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Body Matters/Corpografías

Claudia Briones and Marcial Godoy-Anativia | UBA and NYU

On March 5, 2006, the Sunday editions of Chile’s two most important newspapers, El Mercurio and La Tercera, arrived at newsstands with their usual arsenal of cultural supplements and advertising circulars. Yet on this particular Sunday, the publicity insert for the Ripley department store chain showcased its spring fashion line in a series of photographs that featured denim-clad models with their faces covered, suspended by their arms and feet from a variety of mechanical contraptions—clearly and unambiguously making reference to specific methods of torture employed by the Pinochet regime during its 17 years in power for the express purpose of selling blue jeans. Almost immediately, local human rights organizations denounced the circular through an email campaign and local websites and threatened to call a consumer boycott unless the department store chain promptly removed the photographs from circulation and issued a public apology. Ripley quietly complied and, within a day or two, the matter simply disappeared from public attention, almost as if it had never happened.

One of the essays in this volume examines this incident not only to call attention to the banalization and aestheticization of horror that the Ripley’s ad circular performs, but also to interrogate a sociopolitical conjuncture, one in which the irruption of tortured bodies across a particular mediascape fails to generate responses capable of comparably efficacious contestation. What this analysis suggests is that critical understandings and deployments of bodies must not only concern themselves with the presence and absence of particular bodies from particular spaces, but also with the mechanisms by which these bodies are imbued with and stripped of their capacity to condense and convey the thick socio-historical significations that make them intelligible within fraught social formations. Attention to these mechanisms is crucial, not only for deciphering the ever-expanding proliferation of bodies made visible by the representational machinery of market-driven technoculture, but also for recognizing the strategies through which social actors, individual and collective, restore to these bodies the dense histories of domination, exclusion and violence that are so often erased or trivialized, but which are so necessary for imagining and constructing spaces of hope.

In some very concrete ways, the scholars, critics, artists, activists, and citizens featured in this issue of e-misférica—Body Matters/Corpografías—are all participants in a project that insists on making bodies not only visible, but densely so. We live in a time in which the market, medicalized visions of wellbeing, and the will to security produce contradictory images of bodies to be desired and consumed. These visions oscillate between over-determined utopias of corporal beauty and fitness and banalization through incessant commercialization; between bodies born with birthrights and others in need of self-improvement; between dehumanized masses of “countless” war casualties and detailed biographies of “true” victimhood; between those worthy of mobility and those assigned to confinement; between those bodies trapped in fear and those who are to blame; between bodies gripped by pain and others in the throes of ecstasy; between bodies presumed to be innocent and those that are always already guilty.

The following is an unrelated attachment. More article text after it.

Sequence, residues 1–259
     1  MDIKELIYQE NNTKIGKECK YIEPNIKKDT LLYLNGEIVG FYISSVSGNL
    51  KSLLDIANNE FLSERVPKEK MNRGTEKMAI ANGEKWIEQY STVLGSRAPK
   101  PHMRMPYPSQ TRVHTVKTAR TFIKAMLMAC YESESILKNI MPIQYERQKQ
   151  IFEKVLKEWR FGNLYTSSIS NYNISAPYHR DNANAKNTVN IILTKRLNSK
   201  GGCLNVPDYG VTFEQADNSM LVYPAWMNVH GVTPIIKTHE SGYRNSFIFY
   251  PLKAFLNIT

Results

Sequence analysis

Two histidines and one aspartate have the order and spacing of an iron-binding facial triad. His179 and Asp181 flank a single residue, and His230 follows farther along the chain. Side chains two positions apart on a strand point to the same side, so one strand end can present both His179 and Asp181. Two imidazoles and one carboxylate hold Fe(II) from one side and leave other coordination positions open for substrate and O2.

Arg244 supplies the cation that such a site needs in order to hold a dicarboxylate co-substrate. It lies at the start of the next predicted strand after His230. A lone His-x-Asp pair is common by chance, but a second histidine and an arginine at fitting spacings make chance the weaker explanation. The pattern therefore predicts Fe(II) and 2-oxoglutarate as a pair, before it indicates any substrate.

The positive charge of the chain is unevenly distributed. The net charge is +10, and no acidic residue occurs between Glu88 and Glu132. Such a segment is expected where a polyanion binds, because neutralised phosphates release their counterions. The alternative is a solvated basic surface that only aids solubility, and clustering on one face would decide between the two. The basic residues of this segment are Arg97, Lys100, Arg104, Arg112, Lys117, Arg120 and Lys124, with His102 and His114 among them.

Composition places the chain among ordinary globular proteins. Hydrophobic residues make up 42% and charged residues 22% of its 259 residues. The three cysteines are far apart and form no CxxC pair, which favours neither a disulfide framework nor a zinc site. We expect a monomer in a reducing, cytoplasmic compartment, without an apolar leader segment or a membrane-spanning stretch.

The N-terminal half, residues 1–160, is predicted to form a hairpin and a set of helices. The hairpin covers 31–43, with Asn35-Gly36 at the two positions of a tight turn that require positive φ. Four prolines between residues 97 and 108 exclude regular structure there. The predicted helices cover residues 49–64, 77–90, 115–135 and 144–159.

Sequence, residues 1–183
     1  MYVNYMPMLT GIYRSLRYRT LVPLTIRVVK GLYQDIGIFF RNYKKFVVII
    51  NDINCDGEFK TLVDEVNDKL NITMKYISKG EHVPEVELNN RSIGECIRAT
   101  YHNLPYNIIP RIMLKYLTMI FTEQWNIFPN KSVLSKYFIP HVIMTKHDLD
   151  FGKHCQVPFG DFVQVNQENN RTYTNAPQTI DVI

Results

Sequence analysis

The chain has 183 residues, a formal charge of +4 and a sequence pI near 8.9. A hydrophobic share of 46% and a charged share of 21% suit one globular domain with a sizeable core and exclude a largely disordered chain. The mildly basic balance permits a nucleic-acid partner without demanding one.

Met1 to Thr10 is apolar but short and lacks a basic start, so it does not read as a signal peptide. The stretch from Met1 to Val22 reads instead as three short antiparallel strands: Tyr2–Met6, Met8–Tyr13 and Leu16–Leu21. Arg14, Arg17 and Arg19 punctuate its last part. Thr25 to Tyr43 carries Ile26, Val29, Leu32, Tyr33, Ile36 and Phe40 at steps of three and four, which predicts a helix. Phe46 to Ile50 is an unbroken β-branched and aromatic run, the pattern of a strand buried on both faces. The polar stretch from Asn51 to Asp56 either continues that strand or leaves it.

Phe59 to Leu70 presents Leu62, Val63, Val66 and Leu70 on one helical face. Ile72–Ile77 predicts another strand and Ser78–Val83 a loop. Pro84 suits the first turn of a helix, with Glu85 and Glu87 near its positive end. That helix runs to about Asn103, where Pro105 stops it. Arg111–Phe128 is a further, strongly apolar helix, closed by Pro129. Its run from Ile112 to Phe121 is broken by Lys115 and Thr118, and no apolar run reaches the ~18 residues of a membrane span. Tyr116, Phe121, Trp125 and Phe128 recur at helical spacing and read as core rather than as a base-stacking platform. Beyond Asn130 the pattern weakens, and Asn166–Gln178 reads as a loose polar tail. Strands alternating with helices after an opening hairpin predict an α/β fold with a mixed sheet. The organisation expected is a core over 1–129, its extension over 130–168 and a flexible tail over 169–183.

Against this backdrop, the contributions to this volume take on a dual task: on the one hand, they shed new light on hypervisible bodies; on the other, they make us see the import and effects of those deemed expendable.

Hypervisibility, we must recognize, is not only a result of marketing, tabloids or otherwise marked artistry. Several of the works herein also focus on the ways in which communities and movements envision and mobilize their own body politics and, in so doing, recur to their own essentialisms and canonizations, incurring the burden of their discourses of redemption and the costs and open-ended meanings of innovation. Yet, it is precisely at the juncture of such complexities and ambiguities that the work of the scholars, artists, and activists in this volume intersect. And while the tasks at hand are in no way easy endeavors, the critical enterprise of which they are part is undoubtedly necessary.


Claudia Briones (1957) is an anthropologist, a lecturer in the School of Philosophy and Literature at the University of Buenos Aires, and a researcher for CONICET (Consejo Nacional de Investigaciones Científicas y Técnicas). She is also the director of GEAPRONA (Grupo de Estudios en Aboriginalidad, Provincias y Nación–Group of Studies in Aboriginality, Provinces and the Nation) and a specialist in ethnic studies and interculturality, with a focus on the political-cultural productions and rights of indigenous peoples. Recently she has been pursuing an interest in the expansion of and debates surrounding public spaces, as well as notions of citizenship, which has led her to analyze the politicization of culture and the culturization of politics in newly-emerging urban movements.

Marcial Godoy-Anativia is a sociocultural anthropologist and currently the Associate Director of the Hemispheric Institute of Performance and Politics at New York University. From 2000-2007, he worked in the Program on Latin America and the Caribbean and the Program on International Collaboration at the Social Science Research Council. His recent publications include “Between the Hammer and the Anvil: Middle East Studies in the Aftermath of 9/11,” (with Seteney Shami), “We Are Living in a Time of Pillage: A Conversation with Carlos Monsiváis,” and Ciudades Translocales: Espacios, flujo, representación—Perspectivas desde las Américas (2005), co-edited with Rossana Reguillo.
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